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Answers: 2009 Series -  October 20, 2009 Lecture 11 of 52  NEXT»

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QOW102009_1A QOW102009_1B

A 50-year-old patient comes in for a routine exam. On fundus examination you notice the findings as shown above.

1. Which of the following would be reasonable to include in your differential diagnosis?

e -- all of the above

The presence of the egg-yolk like lesions should suggest a vitelliform dystrophy. Given the age of the patient at presentation and the size of the egg-yolk lesion, adult vitelliform dystrophy would be higher on your differential compared to Bestís disease.  Given the presence of drusen surrounding the egg-yolk lesion, it would be reasonable to suspect age-related macular degeneration with choroidal neovascularization. Solar retinopathy can cause a yellow spot in the fovea.  Premacular hemorrhage should also be considered as a cause for these lesions, though it would be highly unlikely to have bilateral symmetric lesions secondary to a vasculopathy such as diabetes.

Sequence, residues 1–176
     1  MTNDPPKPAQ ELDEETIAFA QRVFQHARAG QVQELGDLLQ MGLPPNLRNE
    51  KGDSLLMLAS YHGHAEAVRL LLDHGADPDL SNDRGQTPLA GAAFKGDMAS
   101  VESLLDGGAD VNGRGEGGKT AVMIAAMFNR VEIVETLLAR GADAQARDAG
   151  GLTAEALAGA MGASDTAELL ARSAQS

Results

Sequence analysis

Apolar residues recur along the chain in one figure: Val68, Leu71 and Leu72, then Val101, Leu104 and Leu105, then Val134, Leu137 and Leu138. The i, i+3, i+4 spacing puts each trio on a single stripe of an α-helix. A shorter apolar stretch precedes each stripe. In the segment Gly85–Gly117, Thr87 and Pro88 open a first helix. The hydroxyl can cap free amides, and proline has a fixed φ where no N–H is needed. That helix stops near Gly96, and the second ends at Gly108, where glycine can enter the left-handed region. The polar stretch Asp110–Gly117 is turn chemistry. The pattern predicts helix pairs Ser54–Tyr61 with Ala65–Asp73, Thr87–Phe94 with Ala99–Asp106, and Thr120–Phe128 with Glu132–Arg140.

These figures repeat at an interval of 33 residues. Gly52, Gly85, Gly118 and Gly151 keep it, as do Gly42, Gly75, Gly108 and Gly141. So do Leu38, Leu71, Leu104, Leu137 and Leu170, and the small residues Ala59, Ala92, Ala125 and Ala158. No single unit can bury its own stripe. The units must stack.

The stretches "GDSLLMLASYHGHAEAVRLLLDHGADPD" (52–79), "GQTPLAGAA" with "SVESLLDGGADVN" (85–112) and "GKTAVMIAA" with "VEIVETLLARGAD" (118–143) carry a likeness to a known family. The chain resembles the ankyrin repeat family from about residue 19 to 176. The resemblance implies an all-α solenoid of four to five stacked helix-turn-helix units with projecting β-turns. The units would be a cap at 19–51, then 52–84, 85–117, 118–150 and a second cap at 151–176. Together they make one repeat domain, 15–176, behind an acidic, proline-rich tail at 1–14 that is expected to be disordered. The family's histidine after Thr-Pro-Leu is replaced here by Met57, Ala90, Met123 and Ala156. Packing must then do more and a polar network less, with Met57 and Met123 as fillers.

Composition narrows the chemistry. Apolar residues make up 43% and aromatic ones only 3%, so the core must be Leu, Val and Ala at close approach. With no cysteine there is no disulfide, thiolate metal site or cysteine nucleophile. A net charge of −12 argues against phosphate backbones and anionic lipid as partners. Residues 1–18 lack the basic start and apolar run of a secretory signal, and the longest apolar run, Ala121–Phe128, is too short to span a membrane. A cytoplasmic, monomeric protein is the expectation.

2. If this were Bestís disease, to which layer of the eye would you localize this lesion?

b -- retinal pigmented epithelium

Bestís disease is due to a mutation in the VMD2 gene which encodes the protein bestrophin.  Bestrophin is a transmembrane chloride channel located in the baslateral plasma membreane of the retinal pigment epithelium (RPE).


3. If this were Bestís disease, which stage of disease would you classify this as and what would you espect the patientís vision to be?

b -- vitelliform stage: 20/20 - 20/40

Despite the appearance of the macular lesions in Bestís disease, patients tend to maintain good vision unless they develop a choroidal neovascular membrane (~20%) or geographic atrophy as the yolk lesion breaks down.



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